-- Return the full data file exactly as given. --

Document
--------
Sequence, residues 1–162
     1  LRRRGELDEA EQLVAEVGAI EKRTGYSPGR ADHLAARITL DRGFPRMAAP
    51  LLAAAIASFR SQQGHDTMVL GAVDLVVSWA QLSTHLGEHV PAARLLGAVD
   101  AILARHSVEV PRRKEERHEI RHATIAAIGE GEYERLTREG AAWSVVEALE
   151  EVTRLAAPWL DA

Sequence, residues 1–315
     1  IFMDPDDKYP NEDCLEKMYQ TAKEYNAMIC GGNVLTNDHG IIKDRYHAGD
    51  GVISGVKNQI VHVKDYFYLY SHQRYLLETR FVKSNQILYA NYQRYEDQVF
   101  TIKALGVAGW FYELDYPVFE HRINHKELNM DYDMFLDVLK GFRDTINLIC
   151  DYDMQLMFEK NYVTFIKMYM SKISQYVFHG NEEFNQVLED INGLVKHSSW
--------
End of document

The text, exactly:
Sequence, residues 1–162
     1  LRRRGELDEA EQLVAEVGAI EKRTGYSPGR ADHLAARITL DRGFPRMAAP
    51  LLAAAIASFR SQQGHDTMVL GAVDLVVSWA QLSTHLGEHV PAARLLGAVD
   101  AILARHSVEV PRRKEERHEI RHATIAAIGE GEYERLTREG AAWSVVEALE
   151  EVTRLAAPWL DA

Sequence, residues 1–315
     1  IFMDPDDKYP NEDCLEKMYQ TAKEYNAMIC GGNVLTNDHG IIKDRYHAGD
    51  GVISGVKNQI VHVKDYFYLY SHQRYLLETR FVKSNQILYA NYQRYEDQVF
   101  TIKALGVAGW FYELDYPVFE HRINHKELNM DYDMFLDVLK GFRDTINLIC
   151  DYDMQLMFEK NYVTFIKMYM SKISQYVFHG NEEFNQVLED INGLVKHSSW